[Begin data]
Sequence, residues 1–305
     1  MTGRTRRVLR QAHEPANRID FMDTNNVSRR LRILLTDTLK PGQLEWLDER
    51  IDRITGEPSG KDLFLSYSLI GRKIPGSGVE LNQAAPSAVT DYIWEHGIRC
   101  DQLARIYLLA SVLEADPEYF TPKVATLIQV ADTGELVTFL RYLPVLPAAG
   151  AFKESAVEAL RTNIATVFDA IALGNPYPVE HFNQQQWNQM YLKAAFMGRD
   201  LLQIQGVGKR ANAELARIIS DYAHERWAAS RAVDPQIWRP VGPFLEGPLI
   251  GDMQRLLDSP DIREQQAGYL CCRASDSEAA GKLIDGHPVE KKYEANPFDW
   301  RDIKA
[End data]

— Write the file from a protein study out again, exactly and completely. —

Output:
Sequence, residues 1–305
     1  MTGRTRRVLR QAHEPANRID FMDTNNVSRR LRILLTDTLK PGQLEWLDER
    51  IDRITGEPSG KDLFLSYSLI GRKIPGSGVE LNQAAPSAVT DYIWEHGIRC
   101  DQLARIYLLA SVLEADPEYF TPKVATLIQV ADTGELVTFL RYLPVLPAAG
   151  AFKESAVEAL RTNIATVFDA IALGNPYPVE HFNQQQWNQM YLKAAFMGRD
   201  LLQIQGVGKR ANAELARIIS DYAHERWAAS RAVDPQIWRP VGPFLEGPLI
   251  GDMQRLLDSP DIREQQAGYL CCRASDSEAA GKLIDGHPVE KKYEANPFDW
   301  RDIKA